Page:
OPS is a measure for the generic batter. The capacity for a batter to hit doubles is more valuable than a single and SB because of the chance to move a runner ( I believe you pointed that out to me several years ago ).
                  But, Campanas’ role would be as a fifth OF’er. His pinch hitting role should be as leading off an inning rather than when runners are “clogging” the bases. Also, his role as a pinch runner and double switch guy should be considered. Therefore, he is not a generic batter. The value of his skill set should be evaluated in the manner they would be used for the lion’s share of the time.
                  I’m not saying that he should be on the 25 or even 40 man roster. I’m just saying that make a good point in that he should be evaluated as to that which he uniquely brings to the team.

                  1. Drew7

                    Why would you want a guy that gets at barely a .300 clip leading off an inning as a pinch-hitter?

                    I understand he has value as a pinch-runner late in the game, but I don’t see the point in having a guy like him as one of the 4 non-catcher bench guys. In the NL, I’d much rather have another bat I can at least have a little bit of faith in against a good reliever.

    2. hookersorcake

      “The Cubs could have easily traded him to a contender…”

      Do you have an inside source? Seriously, the arm chair GMing is hilarious. I also love the whole, “They could’ve done better in the trade” like they didn’t check with other GM’s and wanted to get the trade done before tee time.
      We could all do a better job just spittballin with 1% of the info. I’ve won the world series seven times in the last two months alone. Theo is dumb. Jed Hoyer eats cat poop.

    3. Die hard

      If used as a platoon with Sori in left on a regular basis that position will yield 20 hrs and 50 SB over162 games with avg defense- but problem is Cubs wont buy into this idea that I proposed a yr ago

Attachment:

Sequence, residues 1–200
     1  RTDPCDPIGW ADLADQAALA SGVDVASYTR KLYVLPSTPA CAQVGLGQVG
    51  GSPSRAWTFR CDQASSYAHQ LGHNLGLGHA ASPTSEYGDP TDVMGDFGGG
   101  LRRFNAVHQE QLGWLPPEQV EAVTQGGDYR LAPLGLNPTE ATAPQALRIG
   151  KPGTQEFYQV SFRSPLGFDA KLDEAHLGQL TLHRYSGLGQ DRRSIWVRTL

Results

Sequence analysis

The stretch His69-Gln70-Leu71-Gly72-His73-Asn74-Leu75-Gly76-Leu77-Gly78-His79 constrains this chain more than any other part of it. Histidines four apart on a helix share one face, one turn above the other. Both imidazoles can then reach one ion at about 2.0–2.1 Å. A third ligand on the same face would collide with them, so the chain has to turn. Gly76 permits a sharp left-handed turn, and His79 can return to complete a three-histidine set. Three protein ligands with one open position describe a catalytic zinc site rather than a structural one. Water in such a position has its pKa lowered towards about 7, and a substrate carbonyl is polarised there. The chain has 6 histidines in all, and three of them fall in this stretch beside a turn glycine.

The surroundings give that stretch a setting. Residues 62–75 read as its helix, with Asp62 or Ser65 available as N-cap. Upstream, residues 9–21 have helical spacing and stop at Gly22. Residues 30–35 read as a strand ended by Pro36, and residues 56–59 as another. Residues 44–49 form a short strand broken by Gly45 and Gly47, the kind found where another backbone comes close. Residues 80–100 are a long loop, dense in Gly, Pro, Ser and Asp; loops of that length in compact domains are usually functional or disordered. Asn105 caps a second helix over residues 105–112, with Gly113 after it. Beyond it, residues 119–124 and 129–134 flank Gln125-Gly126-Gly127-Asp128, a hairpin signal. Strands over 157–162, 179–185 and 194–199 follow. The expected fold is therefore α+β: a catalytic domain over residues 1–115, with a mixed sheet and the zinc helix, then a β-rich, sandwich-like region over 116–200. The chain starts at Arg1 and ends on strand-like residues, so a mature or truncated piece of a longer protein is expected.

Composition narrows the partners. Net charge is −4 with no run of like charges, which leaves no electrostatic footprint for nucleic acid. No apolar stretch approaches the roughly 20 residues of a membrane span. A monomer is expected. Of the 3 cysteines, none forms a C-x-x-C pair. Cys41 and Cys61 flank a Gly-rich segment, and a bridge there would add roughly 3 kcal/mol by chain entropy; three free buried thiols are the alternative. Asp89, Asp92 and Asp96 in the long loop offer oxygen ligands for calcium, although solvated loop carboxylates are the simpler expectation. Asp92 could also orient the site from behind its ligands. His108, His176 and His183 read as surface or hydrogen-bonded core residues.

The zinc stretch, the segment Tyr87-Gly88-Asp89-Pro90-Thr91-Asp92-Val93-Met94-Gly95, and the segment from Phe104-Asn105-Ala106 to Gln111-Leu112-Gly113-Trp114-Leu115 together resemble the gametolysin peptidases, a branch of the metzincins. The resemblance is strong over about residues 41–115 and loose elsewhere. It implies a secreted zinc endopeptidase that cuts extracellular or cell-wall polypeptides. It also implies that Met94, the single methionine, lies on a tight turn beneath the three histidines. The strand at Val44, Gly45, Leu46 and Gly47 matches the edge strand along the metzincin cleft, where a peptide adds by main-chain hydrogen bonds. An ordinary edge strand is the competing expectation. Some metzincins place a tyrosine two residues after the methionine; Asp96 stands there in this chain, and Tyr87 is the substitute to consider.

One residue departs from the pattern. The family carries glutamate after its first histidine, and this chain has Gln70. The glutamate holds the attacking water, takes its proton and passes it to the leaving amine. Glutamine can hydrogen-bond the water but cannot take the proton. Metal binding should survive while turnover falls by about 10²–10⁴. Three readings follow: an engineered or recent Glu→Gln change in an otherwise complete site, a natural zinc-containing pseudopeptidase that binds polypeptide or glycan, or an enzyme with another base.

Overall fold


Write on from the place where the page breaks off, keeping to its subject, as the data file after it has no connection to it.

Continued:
11. Myles
    1. Good Captain

      Thanks for the shameless plug Myles. If your take is representative, I doubt Castillo will bump many, if any, other players off another 40 man roster. I think we the fans tend to focus on the player or our team’s players, often forgetting the bigger picture.

  12. nkniacc13

    I hope that campana is the roster spot for hariston in this case. I kinda understand pitcher for pitcher when looking at the 40 man configuration but only as long as they go OF for OF. I wonder if Bourn not being signed is creating things hard on some front offices in the fact that no one wants to sign him but everyone has deals they may want to make but only when they know his destination

    1. CubFan Paul

      I think the longer Bourn goes unsigned the more likely he’ll sign with the Cubs for 3-4yrs $39M-$60M.

      1. Matt Trueblood

        I feel just the opposite, funnily enough. I think if that deal were out there, if the Cubs really had much interest, they’d have already signed him.

  13. IndyCubsFan

    Any news on the Carpenter front?

  14. Frank

    It makes me wonder. Are the gms playing poker? Are the cubs asking to much? Are the other gms not offering enough? Do other teams not like our players? Is everyone waiting for the last domino to fall? Stay tuned to bleacher nation for answers to these questions and more!

    1. Matt Trueblood

      I heard a tidbit from Buster Olney on an old podcast recently (from July ’11) about Theo. Seems other execs marvel at how he keeps 50 balls in the air, more potential moves always in play than anyone. I’d bet these long waits are a lot of what Theo always did in Boston, which was spin those plates, juggle those balls, but very often be smart enough NOT to make a move.

  15. Die hard

    Maybe they can concentrate now on Soriano and Campana for Ethier of LA

    1. Carew

      it’s gonna take a lot more than that…

      1. Die hard

        Add Marmol

        1. DarthHater